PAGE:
Posted by: Amy Spencer
Topic: Why do men hate it when women ask, “What are you thinking…?”
Ah, the "What are you thinking?" cliché. Sherry makes a good point about the potential sexism of it: It's one of those things that ends up in every comic's male/female joke repertoire at least once, along with the "Why do girls go to the bathroom in groups?" But then again, I think women are more likely to ask "What are you thinking?" and we do go to the bathroom in groups. Sigh. It's a cliché because it's true. No matter how much we want to equalize the sexes, for me it always comes back to the fact that men and women are just plain different.
In the case of "What are you thinking?" I asked my husband what he's never liked about the question. He gave the simple answer, "We don't like it because we're probably thinking something we don't want to say. And now you're making us say it."
A-ha. He's hit on something: That men probably are thinking something they don't want to say. That's because we women don't ask the "What are you thinking" question randomly. Duh. We ask it when they seem quiet and lost in thought, when their eyes are focusing on some invisible weight in the air, when we sense some delve into his experience of the relationship we don't know about. But like most men who are masters of the black & white: If he wanted to say it, he'd SAY it. And if he's not saying it, it's because he DOESN'T want to. So who are we to intrude on the line between thoughts and words we all have a right to keep? In fact, for couples that share every meal and, for some, even bathroom time with each other, thoughts are the one private area we have left.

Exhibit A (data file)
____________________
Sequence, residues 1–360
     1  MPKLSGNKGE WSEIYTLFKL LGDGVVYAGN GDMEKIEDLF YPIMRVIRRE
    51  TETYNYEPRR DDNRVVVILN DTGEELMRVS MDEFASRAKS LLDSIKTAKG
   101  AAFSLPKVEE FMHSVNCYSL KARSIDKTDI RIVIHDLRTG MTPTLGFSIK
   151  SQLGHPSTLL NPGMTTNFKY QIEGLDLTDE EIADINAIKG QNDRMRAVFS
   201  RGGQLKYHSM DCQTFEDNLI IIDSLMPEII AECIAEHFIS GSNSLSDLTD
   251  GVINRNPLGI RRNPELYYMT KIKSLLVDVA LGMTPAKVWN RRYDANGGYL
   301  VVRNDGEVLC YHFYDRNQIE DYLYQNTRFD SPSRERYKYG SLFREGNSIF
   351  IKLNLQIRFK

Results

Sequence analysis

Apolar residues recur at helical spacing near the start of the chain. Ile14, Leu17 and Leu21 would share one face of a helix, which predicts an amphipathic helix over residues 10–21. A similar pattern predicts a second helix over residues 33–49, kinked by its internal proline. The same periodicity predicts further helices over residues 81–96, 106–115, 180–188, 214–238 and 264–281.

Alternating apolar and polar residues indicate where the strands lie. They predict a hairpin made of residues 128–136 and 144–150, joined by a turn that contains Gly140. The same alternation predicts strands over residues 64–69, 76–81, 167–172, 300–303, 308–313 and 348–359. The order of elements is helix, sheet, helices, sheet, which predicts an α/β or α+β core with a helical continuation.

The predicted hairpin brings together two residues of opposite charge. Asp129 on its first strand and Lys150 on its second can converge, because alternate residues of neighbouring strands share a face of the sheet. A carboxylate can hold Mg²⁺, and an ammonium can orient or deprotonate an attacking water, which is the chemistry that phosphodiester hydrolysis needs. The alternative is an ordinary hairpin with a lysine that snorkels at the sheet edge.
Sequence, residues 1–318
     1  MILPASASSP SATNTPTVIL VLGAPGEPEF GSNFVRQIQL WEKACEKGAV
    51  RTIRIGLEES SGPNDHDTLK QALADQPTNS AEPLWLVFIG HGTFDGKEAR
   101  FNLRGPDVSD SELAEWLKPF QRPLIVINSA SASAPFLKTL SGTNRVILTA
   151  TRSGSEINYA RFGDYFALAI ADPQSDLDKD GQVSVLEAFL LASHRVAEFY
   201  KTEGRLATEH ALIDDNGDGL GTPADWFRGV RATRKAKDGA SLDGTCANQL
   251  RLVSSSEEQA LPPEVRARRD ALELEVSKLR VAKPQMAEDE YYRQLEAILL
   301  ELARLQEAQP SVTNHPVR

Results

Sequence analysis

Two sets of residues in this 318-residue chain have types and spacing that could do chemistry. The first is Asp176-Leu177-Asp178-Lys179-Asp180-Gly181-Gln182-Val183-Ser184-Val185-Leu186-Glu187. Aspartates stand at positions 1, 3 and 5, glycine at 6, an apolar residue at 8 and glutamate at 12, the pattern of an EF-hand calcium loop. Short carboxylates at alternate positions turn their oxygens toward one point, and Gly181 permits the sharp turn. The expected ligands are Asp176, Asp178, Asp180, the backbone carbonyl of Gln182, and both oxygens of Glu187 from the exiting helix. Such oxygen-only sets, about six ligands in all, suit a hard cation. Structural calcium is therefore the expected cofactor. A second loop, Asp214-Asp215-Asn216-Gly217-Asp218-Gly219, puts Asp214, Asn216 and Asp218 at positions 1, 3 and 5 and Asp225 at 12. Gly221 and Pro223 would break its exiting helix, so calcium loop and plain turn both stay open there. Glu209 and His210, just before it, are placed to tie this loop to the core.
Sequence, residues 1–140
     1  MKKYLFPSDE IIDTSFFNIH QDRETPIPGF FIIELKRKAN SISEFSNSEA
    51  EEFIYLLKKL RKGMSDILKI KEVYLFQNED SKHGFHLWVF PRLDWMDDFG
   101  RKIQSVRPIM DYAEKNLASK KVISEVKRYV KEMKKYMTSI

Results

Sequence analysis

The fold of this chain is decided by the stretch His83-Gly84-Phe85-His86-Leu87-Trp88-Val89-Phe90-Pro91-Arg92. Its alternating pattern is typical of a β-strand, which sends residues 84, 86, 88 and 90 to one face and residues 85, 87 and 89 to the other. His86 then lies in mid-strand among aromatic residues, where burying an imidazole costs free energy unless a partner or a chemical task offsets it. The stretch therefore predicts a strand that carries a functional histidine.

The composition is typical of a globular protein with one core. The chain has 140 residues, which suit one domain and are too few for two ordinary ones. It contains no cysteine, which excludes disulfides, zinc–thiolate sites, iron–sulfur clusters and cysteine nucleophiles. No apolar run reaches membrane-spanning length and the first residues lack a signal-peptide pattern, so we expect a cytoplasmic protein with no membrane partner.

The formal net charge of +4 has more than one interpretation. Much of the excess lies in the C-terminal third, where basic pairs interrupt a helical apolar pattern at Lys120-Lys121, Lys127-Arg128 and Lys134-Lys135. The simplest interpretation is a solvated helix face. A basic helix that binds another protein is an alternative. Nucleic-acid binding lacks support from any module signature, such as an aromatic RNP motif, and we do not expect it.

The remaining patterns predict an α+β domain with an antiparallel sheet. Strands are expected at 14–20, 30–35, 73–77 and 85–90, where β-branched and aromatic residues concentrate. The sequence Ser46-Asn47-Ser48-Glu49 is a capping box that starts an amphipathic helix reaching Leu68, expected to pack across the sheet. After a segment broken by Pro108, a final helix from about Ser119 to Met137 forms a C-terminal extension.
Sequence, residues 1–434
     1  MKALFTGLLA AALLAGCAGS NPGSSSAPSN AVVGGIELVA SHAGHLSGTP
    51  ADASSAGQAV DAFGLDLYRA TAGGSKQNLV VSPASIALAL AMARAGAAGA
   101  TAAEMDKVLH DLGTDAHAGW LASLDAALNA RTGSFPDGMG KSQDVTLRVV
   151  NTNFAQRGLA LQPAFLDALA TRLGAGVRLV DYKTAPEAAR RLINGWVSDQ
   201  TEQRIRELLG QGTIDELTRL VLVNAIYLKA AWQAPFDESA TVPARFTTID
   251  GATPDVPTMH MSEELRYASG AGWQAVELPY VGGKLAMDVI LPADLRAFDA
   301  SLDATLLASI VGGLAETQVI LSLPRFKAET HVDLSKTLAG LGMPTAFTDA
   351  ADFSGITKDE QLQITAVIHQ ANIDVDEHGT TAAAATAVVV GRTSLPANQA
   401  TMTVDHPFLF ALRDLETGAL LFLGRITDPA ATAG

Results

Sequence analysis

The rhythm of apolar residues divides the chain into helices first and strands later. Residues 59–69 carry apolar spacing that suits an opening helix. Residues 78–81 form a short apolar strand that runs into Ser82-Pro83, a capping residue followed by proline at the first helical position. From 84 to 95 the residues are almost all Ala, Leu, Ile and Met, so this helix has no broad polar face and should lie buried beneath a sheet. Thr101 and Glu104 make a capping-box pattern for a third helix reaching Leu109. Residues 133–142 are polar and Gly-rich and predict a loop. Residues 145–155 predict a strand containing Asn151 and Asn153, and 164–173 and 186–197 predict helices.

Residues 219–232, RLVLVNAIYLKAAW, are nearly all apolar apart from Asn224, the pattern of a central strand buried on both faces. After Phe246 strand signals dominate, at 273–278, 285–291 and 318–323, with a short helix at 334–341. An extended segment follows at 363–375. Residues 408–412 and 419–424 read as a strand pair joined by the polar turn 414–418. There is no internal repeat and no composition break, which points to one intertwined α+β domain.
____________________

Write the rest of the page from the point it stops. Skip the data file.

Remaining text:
Personally, I've gotten so many depressing answers from the dang question over the years, I don't ask it much anymore. If I really think there's something spinning in there that I ought to be in on, my new angle is, "If there's something you want to talk about, you let me know, okay?" And then I let nature's male default kick in: If he wants to say it, he says it. But it's his thought, so it shouldn't be my decision to make.
I think Lindley's idea is a brilliant one: Before you ask the question, examine yourself. Find out WHY you're so itching to know. Because it's a 50/50 gamble. Sure his answer might be something that opens an important line of communication you should be talking about, which is good. Or...it might be a passing fear or a stroll through some emotional window-shopping that you really don't need—or want—to know.